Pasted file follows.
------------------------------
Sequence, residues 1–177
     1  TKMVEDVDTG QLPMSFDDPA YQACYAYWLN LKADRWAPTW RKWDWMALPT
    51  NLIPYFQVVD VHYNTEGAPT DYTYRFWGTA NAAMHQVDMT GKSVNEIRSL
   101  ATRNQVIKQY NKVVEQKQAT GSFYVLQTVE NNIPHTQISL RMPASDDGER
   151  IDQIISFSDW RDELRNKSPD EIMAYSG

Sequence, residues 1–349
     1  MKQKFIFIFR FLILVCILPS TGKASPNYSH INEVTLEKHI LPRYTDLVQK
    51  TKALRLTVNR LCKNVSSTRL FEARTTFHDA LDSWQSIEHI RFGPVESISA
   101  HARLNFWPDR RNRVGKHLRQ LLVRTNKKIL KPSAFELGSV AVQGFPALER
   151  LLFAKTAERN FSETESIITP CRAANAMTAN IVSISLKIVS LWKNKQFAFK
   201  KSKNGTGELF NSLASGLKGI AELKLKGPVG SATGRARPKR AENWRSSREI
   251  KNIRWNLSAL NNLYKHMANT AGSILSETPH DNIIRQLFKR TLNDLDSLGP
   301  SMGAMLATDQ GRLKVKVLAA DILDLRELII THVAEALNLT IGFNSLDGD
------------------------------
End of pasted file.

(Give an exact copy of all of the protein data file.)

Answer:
Sequence, residues 1–177
     1  TKMVEDVDTG QLPMSFDDPA YQACYAYWLN LKADRWAPTW RKWDWMALPT
    51  NLIPYFQVVD VHYNTEGAPT DYTYRFWGTA NAAMHQVDMT GKSVNEIRSL
   101  ATRNQVIKQY NKVVEQKQAT GSFYVLQTVE NNIPHTQISL RMPASDDGER
   151  IDQIISFSDW RDELRNKSPD EIMAYSG

Sequence, residues 1–349
     1  MKQKFIFIFR FLILVCILPS TGKASPNYSH INEVTLEKHI LPRYTDLVQK
    51  TKALRLTVNR LCKNVSSTRL FEARTTFHDA LDSWQSIEHI RFGPVESISA
   101  HARLNFWPDR RNRVGKHLRQ LLVRTNKKIL KPSAFELGSV AVQGFPALER
   151  LLFAKTAERN FSETESIITP CRAANAMTAN IVSISLKIVS LWKNKQFAFK
   201  KSKNGTGELF NSLASGLKGI AELKLKGPVG SATGRARPKR AENWRSSREI
   251  KNIRWNLSAL NNLYKHMANT AGSILSETPH DNIIRQLFKR TLNDLDSLGP
   301  SMGAMLATDQ GRLKVKVLAA DILDLRELII THVAEALNLT IGFNSLDGD